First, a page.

And on a side note, I have no clue how the DSM conversation started. I won't spend much time further derailing Mira's thread, but I did want to chime in on it. I can't stand the DSM for many reasons -- I use it in my own practice -- but there is no real alternative at this point. Without it, treating clients could be quite hard for some when considering treatment options. No client should be handled the same, but a certain diagnosis usually corresponds with a certain type of therapy model being more successful. That's a good thing to know, especially for those needing their insurance to pay for treatment. It's a necessary evil at this point.

/end derail and back to Mira. :D Good luck!
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Re: How do you deal with feeling fragile?

Post by stephmcgee » September 13th, 2010, 5:24 pm

J. T. SHEA wrote:
Stephmcgee, Swedish fish flavored gummy bears maybe? I bet J. K. Rowling missed that one!
Hmmm...food for thought! (And you can call me Steph or Stephanie. Either's fine. Less cumbersome than my SN.)

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Mira
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Re: How do you deal with feeling fragile?

Post by Mira » September 15th, 2010, 8:38 pm

Wow - you guys are so supportive and helpful!! I don't know where to start because I really appreciate everything everyone said.

Thank you so much! I'm going to respond to each and everyone of you, because you are all great.
----------------------------------------------------------------------------------------------------------

Melyn - I think you're right about the getting used to it part. Good luck to you as well! :)

Maybegenius - thank you! That was a really helpful perspective, I appreciate your practicality about blogs, too!

Polymath - thank you, but we may be alittle different. I hear that you want useful feedback, and that helps to put things in perspective for you. For me, though, I just want people to say I'm wonderful. And I want them to say it more than once. And I'd love to see the goldenrod! I used the morning glory in my profile picture last week. :)

Holly - thank you! It was fun, now that it's over. :)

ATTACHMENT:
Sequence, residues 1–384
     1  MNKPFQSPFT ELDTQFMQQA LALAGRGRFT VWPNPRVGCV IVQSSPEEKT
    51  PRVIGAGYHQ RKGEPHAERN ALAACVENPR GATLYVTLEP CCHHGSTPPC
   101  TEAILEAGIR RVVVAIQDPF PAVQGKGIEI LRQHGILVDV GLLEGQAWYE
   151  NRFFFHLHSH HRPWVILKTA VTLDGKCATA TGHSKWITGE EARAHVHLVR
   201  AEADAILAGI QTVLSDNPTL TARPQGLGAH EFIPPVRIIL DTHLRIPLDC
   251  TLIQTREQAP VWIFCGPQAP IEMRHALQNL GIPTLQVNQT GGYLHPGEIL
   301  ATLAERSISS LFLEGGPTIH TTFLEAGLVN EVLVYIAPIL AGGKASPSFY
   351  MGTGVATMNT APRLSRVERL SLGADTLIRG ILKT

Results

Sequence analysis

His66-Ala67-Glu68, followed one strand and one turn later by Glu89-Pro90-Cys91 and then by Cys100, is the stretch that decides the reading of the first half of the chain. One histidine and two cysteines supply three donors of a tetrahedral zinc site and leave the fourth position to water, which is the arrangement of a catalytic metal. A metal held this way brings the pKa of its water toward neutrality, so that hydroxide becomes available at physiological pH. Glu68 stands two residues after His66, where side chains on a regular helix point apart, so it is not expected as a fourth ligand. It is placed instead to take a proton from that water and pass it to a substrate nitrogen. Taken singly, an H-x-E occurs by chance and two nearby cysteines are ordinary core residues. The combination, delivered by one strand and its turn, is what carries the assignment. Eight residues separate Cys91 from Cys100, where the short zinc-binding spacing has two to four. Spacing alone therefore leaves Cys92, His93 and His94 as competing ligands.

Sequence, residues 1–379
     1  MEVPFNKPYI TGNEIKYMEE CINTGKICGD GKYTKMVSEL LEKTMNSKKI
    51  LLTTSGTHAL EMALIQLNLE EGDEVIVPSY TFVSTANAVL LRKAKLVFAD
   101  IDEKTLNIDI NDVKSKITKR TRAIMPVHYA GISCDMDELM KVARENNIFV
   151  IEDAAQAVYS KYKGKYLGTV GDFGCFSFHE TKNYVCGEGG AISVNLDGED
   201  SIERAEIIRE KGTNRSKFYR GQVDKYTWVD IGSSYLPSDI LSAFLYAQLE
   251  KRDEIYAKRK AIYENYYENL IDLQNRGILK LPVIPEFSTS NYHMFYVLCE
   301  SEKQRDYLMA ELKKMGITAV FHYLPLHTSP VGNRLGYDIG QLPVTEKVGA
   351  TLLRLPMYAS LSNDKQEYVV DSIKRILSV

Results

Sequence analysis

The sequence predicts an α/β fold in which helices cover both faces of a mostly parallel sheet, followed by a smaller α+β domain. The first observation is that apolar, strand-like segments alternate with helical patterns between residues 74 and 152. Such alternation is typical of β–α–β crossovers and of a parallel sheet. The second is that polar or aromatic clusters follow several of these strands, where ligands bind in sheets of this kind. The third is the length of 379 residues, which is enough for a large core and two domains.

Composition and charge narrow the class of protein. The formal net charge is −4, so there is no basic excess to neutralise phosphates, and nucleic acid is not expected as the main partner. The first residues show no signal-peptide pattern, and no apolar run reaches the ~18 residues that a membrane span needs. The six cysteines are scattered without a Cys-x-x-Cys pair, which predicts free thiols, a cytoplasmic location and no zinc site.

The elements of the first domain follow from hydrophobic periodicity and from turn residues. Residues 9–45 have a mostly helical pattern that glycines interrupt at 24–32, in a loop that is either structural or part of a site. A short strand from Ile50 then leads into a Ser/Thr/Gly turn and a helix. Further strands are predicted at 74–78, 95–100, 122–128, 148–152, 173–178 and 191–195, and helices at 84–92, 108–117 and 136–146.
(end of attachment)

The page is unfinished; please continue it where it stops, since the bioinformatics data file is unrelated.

Quill - ah, but how do we gird our loins? How, how, how?

Cheekychook - LOL. Chocolate is God's food. Steph - along with gummy bears.

polymath - I've had the same thought. Do we lose good writers because they are sensitive, and isn't that a loss for all of us? Should we so blithly accept that writers have to get tough skins, when maybe not all of them can?

J.T. - I know! I was terrified the first couple of months I posted at Nathan's. Even now, I sometimes get nervous. I wouldn't have thought that of you, though. Thanks for sharing. :)

Margo - you are so on target with the praise addiction! Absolutely. I can see how that could be very destructive. Really.

Sierra - thanks for the reminder that it's all subjective, and if someone didn't get it, then that's their loss. Amen! :)

Steppe - good point about drive by cruelty on the web, and weighing not only the feedback, but the source! thank you.

Regan - I think that's good advice. It's true, like J.T.said, I was scared posting on Nathan's blog, but now it's usually pretty comfortable. Maybe it gets that way with putting your work out there.

amyashley - thanks. That's a good point about learning the benefits of critique, and seeing it as a help, instead of a bop on the head.

bcomet - thank you for your suggestions. Finding a positive critique group would be wonderful. And thank you for your kind words about my commet the other week. You really touched me - thank you.

Regan - that's an idea about posting things and asking people to be gentle. Thanks for your offer to start here..........I'll think about that. :)
----------------------------------------------------------------------

And I never care if folks get off topic for the thread. Go for it.

You guys are terrific. Thank you.

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Mira
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Re: How do you deal with feeling fragile?

Post by Mira » September 15th, 2010, 8:41 pm

Oh, and about the DSM - don't be dissing on my pal.

I LOVE the DSM - I love to diagnose myself and my friends (they love that too.) I use it all the time. Last quarter in grad school, I took an advanced diagnosis class, and now I use it even more. I have the BIG HUGE one, and a little tiny one.

The DSM and I are BFFs.